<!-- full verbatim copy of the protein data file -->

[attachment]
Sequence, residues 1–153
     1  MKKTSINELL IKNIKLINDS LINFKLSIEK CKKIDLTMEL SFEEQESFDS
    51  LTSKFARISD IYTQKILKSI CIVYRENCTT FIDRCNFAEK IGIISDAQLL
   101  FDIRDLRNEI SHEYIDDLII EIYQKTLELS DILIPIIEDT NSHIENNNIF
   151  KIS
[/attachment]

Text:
Sequence, residues 1–153
     1  MKKTSINELL IKNIKLINDS LINFKLSIEK CKKIDLTMEL SFEEQESFDS
    51  LTSKFARISD IYTQKILKSI CIVYRENCTT FIDRCNFAEK IGIISDAQLL
   101  FDIRDLRNEI SHEYIDDLII EIYQKTLELS DILIPIIEDT NSHIENNNIF
   151  KIS